If you’re a MoneySmart reader, you would most definitely be familiar with local airline Scoot. A subsidiary of Singapore Airlines, the budget carrier has made quite a name for themselves as the go-to airline for affordable tickets to destinations all over the world — from the nearby Bangkok and Taiwan to those farther away, like Berlin and Athens.
So yes, as travellers, we can recognise that black-and-yellow logo anywhere… But what do we really know about Scoot as an employer?
For the fifth instalment of What It Takes, a podcast series by MoneySmart and Workforce Singapore, we speak to Vincent Fu, Head of Revenue Management, Analytics and Distribution at Scoot.
Listen to the full episode here:
Scoot debuted as a start-up airline in late 2011 with just 3 aircraft and a handful of staff, but today, the brand is Singapore’s biggest low-cost carrier with over 2,500 employees. Last year, they even won back-to-back “Best Low-Cost Carrier” awards at the 30th TTG Asia Awards and the Travel Weekly Asia 2019 Readers’ Choice Awards.
Vincent first joined Scoot as a Senior Analyst in 2013. Over the years, he gained valuable exposure by moving between different teams at Scoot, from Scheduling and Revenue Management to Network Planning, before rising to his current position as Head of Revenue Management, Analytics and Distribution.
Aside from giving insight into the Scoot culture and business, Vincent chats with us about his illustrious career thus far, and shares the lessons he picked up along the way.
Here are some highlights.
On job-hunting as a fresh grad: “I wasn’t looking for something sexy.”
Obviously, helming a huge team at Scoot isn’t Vincent’s first job. He graduated from Singapore Management University with a Bachelor’s degree in business management, operations and marketing, and then started his career as a corporate development specialist at Jurong Port, running annual plans, as well as strategic and budgeting exercises.
When asked what considerations he had when he was in college and deciding where to work, he said simply that he wasn’t looking for “something sexy”. He was more focused on the job function, and in fact, the company name wasn’t important to him.
“Most of my peers from business school tend to gravitate towards the banks and entering consulting, but I went into what was very much deemed a sunset industry,” says Vincent.
On what he thinks about having a mentor: “Everyone taught me something.”
Because he deals so much with strategy and planning, Vincent has had to work with the C-level bosses throughout his career, even when he was a newbie. Curious to know what he learnt from the experience, we asked Vincent if he tried to establish any mentor-mentee relationships with these big guns.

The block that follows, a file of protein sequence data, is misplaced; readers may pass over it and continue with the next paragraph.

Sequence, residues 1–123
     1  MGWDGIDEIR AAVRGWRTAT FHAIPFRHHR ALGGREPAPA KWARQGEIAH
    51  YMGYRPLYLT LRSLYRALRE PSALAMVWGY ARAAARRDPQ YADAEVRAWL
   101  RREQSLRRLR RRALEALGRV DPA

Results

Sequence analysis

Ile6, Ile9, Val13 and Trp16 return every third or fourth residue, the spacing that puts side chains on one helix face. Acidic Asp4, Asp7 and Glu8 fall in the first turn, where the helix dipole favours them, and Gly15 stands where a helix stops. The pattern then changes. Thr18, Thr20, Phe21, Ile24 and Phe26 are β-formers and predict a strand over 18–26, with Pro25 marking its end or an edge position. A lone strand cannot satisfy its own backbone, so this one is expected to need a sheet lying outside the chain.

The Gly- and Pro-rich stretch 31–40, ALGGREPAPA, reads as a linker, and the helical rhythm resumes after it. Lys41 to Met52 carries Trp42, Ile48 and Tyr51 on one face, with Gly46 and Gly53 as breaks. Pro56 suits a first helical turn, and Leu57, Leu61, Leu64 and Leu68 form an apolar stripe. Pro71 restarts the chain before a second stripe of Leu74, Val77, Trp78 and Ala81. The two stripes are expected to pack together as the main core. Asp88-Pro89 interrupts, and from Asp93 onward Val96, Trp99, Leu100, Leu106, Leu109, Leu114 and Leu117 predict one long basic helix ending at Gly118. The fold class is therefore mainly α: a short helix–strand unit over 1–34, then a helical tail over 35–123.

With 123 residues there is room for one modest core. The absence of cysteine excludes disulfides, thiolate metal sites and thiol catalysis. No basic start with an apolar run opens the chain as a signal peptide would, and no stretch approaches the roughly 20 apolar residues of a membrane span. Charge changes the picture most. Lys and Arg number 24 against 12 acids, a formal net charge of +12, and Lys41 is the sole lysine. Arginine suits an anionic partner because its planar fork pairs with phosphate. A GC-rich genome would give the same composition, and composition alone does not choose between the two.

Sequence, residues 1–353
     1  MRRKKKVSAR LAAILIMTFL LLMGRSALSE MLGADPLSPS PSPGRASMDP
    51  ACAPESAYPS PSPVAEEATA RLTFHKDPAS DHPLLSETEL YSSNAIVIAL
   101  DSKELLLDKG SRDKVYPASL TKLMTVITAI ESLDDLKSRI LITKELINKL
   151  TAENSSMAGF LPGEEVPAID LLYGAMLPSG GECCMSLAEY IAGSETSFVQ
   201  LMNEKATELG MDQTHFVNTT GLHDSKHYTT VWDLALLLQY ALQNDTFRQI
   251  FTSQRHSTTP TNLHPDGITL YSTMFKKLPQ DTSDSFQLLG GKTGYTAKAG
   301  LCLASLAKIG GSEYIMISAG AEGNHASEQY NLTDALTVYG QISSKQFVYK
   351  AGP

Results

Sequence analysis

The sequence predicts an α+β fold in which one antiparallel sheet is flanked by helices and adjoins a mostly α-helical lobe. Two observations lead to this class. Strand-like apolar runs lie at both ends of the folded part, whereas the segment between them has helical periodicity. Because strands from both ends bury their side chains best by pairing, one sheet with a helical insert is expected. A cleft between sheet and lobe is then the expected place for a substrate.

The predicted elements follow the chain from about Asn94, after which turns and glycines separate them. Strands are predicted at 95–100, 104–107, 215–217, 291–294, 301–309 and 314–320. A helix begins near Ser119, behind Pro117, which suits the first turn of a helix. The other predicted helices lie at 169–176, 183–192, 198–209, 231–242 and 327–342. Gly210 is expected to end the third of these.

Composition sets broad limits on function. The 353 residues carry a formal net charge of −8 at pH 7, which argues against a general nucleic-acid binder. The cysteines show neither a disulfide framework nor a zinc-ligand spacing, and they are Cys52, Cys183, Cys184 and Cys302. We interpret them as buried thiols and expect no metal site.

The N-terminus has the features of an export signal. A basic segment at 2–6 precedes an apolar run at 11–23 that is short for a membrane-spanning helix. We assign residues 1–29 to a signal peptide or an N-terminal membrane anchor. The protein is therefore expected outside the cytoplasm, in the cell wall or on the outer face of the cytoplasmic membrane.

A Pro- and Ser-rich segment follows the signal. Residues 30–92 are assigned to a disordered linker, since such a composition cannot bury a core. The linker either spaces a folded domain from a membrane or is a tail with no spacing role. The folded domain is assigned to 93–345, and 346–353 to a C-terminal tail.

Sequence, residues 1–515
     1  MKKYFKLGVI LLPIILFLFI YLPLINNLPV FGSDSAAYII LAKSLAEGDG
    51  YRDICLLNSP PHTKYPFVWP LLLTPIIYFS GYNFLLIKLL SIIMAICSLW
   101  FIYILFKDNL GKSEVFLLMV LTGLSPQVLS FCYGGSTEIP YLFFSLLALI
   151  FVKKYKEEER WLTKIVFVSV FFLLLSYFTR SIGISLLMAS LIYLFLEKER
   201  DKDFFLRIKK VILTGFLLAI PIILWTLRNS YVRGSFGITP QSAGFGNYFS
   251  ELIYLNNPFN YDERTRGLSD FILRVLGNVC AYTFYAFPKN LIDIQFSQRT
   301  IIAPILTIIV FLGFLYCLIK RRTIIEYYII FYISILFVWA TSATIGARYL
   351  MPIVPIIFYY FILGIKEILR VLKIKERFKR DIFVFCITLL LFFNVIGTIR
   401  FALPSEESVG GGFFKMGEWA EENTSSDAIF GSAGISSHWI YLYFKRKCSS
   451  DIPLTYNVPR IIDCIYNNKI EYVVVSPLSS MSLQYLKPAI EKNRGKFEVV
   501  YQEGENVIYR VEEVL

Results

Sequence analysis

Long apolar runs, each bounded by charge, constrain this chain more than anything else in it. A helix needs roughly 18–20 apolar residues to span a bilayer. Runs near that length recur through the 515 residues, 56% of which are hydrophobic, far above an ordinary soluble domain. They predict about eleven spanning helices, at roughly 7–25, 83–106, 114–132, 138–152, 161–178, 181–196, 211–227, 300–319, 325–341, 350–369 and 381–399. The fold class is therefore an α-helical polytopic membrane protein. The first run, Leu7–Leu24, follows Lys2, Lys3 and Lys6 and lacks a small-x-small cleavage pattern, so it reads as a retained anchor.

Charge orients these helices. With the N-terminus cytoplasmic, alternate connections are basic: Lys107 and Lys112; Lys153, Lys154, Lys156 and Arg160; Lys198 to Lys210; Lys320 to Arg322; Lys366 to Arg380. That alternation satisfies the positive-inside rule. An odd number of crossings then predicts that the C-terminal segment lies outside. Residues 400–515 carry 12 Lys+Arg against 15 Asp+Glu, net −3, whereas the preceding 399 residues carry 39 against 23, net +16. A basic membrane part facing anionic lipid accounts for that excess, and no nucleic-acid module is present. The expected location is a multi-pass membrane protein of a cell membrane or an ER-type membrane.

Surprisingly, Vincent said that he’s never had any formal mentorships, and that everyone he’s worked with has taught him something. “I think that we always have something to learn from anyone,” he shares.
So what did he learn from working with the C-suite? “I think very early on I understood that they wanted to look at things a little differently,” says Vincent. “They wanted a condensed level of analysis that allowed them to make decisions; they didn’t want to be bogged down by all the details.”
On the culture at Scoot: “The CCO has the same sized desk as an intern.”
When asked about the culture at Scoot, Vincent immediately shares that it’s very open. He recalls how he was able to go around and ask questions, right from his day one as the only scheduler at Scoot.
“And it’s not just your peers. I find that you could go up to anyone. You could talk to the Commercial Officer, you could talk to the CEO,” says Vincent. He even shares that it’s “so open” that the CCO’s space was the same as the intern’s.
Vincent also says that Scoot is very fast-paced, and he loves it. “I don’t think I’d be able to go to another industry. Things move so quickly here and it’s exciting. There’s no such thing as a typical day here at Scoot,” says Vincent.
In short: If you want a slow, cushy job, this is not the place. But if you want to hustle and push yourself, you can do so at Scoot.
According to Vincent, Scoot looks for people who “aren’t afraid to speak up” and are “willing to put themselves out there”. The company values good attitude and grit.
On Scoot flight prices: “It’s basically called demand-based pricing.”
Since he’s the Head of, you know, revenue… We asked Vincent one of our burning questions: How does Scoot price their flights?
He explained that it’s quite simple: Scoot uses what they call “demand-based pricing”, whereby prices go up as demand increases.
Before you cry foul, know that this is actually quite common practice. “That’s basically the case for any industry that practices revenue management,” says Vincent, citing hotels, cinemas and even F&B as examples. “It’s just whether or not you’re aware of it,” he adds.
Would you like to work at Scoot or in the aviation industry? Tell us in the comments below.